In this most recent moment of national shame in our national life, I mourn for Freddie Gray and his family, for those who have been injured in the rioting, for those who have suffered any loss as a result of these sad events in Baltimore and other places throughout our nation. I call us to pray, too, for those whose desperation drove them to violence. I call us to pray for those who seek to serve as reconcilers and workers for justice among us in seeking to address and eradicate the injustices that led to this most recent outbreak of violence.
These brutal events are rooted in the elegantly interlocking mechanisms of racism and our nation’s inequitable systems in the distribution of wealth, power, food and access. Such inequities lead first to injustice, then growing despair and ultimately to violence. It does little to address hunger, racism, oppression and suffering without confronting the underlying injustices.
As Christians, we are called to seek to transform unjust structures in our society, to challenge violence of every kind and to pursue peace and reconciliation (The fourth Mark of Mission, as defined by the Anglican Communion). We are also called by our baptismal vows to persevere in resisting evil’, to strive for justice and peace and to respect the dignity of every human being as well as to serve Christ by serving our neighbor. (The Book of Common Prayer, pages 304-305)
I invite all who are part of our Diocese of Pennsylvania to join in mourning for all the continuing injustices that brought our nation to this tragic moment and to confess our complicity, known or unknown, in creating and sustaining the structures and environment that have led us to such suffering and tragedy on so many levels and in so many lives. I invite each of us to repent of the evils sustained by continuing support of the unjust structures of our society that drain hope, lead to lives of desperation and explode in violence.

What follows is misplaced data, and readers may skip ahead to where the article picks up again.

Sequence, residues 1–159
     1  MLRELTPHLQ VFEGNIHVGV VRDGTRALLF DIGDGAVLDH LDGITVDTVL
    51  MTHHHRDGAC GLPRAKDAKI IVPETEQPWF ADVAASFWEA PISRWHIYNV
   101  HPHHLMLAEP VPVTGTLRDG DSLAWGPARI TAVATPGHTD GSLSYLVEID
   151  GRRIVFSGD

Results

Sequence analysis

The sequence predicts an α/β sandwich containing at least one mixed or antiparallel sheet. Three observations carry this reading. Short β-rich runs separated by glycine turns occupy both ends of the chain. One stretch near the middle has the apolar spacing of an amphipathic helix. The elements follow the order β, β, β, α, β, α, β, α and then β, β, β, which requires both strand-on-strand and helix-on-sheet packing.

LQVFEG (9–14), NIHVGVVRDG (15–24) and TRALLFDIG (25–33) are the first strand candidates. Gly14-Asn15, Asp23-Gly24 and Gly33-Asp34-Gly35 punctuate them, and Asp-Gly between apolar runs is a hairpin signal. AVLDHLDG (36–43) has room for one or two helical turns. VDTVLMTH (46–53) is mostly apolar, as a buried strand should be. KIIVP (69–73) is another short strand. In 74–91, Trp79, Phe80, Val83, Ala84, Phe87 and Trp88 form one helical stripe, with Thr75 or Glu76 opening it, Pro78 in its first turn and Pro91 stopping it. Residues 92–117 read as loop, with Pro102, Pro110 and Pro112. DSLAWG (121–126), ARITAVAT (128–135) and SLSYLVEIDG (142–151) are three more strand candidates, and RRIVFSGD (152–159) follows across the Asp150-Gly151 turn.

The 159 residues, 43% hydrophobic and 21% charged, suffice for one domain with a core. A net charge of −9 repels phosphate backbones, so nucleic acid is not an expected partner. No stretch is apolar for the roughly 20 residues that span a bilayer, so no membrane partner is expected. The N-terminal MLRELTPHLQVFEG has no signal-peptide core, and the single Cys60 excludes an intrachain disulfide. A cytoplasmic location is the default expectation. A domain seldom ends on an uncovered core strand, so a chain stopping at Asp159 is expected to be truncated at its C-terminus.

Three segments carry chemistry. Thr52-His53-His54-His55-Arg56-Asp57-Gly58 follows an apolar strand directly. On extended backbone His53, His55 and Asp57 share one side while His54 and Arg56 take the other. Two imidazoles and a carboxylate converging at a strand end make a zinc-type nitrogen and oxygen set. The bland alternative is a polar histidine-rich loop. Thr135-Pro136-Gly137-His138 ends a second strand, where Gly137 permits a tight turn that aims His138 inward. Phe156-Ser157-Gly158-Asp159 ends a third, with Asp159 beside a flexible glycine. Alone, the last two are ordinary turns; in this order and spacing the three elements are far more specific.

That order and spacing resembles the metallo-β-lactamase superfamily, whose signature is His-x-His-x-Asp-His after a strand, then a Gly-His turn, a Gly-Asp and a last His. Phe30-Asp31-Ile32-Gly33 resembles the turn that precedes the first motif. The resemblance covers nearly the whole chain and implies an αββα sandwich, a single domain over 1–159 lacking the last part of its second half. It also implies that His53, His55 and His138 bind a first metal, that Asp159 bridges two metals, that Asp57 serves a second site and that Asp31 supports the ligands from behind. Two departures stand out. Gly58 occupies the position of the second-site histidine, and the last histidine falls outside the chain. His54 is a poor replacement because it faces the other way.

I call on every member, vestry, parish and organization of this Diocese to commit to creating avenues of hope and pathways to reconciliation in order to eradicate the sin of racism; to commit to specific acts to eradicate the holocaust of hunger in this city and nation; and to resolve to restore hope where there is none.
Two years ago, we committed as a Diocesan family to ask ourselves “How does what we do here today affect the lives of those who live in poverty?” In this moment I call on all of us to commit to asking of ourselves in a regular and sustained way, “How does what we do here today work toward the eradication of hunger and racism in our city and nation?”
I call on all Episcopalians to confess our complicity in maintaining unjust structures in our society that oppress and deny the dignity of every human being. And I call on each of us to resolve – in the power of the risen Christ – to take up our part in dismantling these injustices.
Bishop of Pennsylvania
Philadelphia, April 30, 2015